The noble Lord asked me about the timetable for implementation. As has been made clear, there is a commitment that the draft clauses will be available by 25 January, Burns night. The Prime Minister indicated today, and the Secretary of State indicated in the other place, that that is a timetable we intend to stick by. The Secretary of State also indicated that he intends to set up a stakeholder group, which presumably would include political parties but go beyond the political parties for involvement. He said that that group should support the Government’s work in translating the heads of agreement, which I hope again will involve the parties.

I certainly share the view of closer working between Governments and between Parliaments. The Calman commission did a bit of work on that, so some thought has already been given to it. I think that the noble Lord, Lord Smith, also recommended that the Speaker of the House of Commons and the Presiding Officer of the Scottish Parliament should meet to address some of the issues, not least regarding an explanation of what the powers of the respective Parliaments are. Public education and information is required on that. I think I am right in saying that the Presiding Officer of the Scottish Parliament has already set in train a report or some mechanism to look at the way in which the Scottish Executive—the Scottish Government— can be more accountable to the Scottish Parliament. It is also worth noting that, whatever seems to play out on the public stage day in and day out, there is very good co-operation between officials in the Scottish Government and the UK Government, and between Ministers, over a whole range of issues. There is a lot of good work to build on.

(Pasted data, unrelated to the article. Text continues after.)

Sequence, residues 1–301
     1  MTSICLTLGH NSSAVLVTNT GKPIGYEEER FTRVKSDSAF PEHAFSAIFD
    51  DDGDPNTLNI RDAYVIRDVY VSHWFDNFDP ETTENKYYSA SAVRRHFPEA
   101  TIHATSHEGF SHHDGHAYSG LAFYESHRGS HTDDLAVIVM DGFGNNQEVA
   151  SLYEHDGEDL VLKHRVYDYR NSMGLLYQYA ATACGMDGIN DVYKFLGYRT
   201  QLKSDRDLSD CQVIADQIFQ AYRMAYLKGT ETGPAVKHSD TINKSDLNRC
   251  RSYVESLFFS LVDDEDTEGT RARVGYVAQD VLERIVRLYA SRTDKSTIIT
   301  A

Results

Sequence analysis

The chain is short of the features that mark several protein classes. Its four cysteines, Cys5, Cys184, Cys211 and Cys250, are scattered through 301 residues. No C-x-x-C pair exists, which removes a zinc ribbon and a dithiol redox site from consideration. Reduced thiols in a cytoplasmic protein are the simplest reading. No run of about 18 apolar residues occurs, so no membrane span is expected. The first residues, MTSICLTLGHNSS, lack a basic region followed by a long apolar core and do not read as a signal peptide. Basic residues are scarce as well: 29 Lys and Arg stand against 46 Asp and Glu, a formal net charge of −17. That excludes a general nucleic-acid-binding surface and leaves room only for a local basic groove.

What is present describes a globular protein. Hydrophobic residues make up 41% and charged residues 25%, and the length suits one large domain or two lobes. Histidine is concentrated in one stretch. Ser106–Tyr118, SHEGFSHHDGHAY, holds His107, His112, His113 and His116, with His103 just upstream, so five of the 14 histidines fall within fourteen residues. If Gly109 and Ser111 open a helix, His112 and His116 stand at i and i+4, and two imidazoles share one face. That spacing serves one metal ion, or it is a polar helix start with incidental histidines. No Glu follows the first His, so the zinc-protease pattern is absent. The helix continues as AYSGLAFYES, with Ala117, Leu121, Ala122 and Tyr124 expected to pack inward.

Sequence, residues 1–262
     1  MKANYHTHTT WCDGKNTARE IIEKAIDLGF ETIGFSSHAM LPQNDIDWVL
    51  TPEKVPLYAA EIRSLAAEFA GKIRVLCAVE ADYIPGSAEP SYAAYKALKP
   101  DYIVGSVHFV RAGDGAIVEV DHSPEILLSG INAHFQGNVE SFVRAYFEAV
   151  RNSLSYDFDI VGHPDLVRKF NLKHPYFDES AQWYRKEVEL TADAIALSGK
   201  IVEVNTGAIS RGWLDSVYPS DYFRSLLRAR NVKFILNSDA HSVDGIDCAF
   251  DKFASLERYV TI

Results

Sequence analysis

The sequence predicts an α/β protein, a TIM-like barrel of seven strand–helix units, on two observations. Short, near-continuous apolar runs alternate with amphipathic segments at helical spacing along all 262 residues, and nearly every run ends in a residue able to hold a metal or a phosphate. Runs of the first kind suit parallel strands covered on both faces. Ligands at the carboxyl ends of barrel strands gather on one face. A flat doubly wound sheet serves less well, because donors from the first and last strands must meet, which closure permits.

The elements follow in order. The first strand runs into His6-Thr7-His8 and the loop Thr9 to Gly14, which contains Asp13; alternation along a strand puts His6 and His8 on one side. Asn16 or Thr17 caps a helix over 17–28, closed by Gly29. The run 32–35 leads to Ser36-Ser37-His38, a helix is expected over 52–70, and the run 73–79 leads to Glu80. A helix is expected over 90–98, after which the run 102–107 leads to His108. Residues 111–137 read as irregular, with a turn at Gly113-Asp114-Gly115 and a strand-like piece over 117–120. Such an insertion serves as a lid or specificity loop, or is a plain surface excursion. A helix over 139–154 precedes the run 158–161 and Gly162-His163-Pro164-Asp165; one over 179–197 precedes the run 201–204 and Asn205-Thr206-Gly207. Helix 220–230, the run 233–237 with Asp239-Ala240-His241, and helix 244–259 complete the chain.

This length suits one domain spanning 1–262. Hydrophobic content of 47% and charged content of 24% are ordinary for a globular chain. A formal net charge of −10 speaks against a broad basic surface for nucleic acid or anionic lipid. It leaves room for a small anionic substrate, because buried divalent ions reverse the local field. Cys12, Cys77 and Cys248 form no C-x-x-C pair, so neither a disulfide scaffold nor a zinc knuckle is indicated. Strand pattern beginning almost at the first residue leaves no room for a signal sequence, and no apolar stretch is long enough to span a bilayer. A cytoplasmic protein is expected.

My Lords, this important report brings forward further proposals implementing the three commitments made by the three main party leaders in the final days—some may think that they were somewhat chaotic or even rather panicky days—of the referendum campaign. Does my noble friend agree, though, that the crucial sentence in this report states that,

“rules will ensure that neither the Scottish nor UK Governments will lose or gain financially from the act of transferring a power”?

That is very important but, if that is so, where is the point in transferring some of the VAT revenue to Scotland if it will then be offset by a change in the block grant, which is the obvious implication of that sentence? The other important sentence states:

“The Barnett Formula will continue to be used to determine the remaining block grant”.

Lord Barnett himself said that that formula was defective. Indeed, if it continues in the way in which the report suggests, that will effectively solidify the situation embodied in the Barnett formula, which I believe is unfair for UK taxpayers. We ought not simply to solidify that position.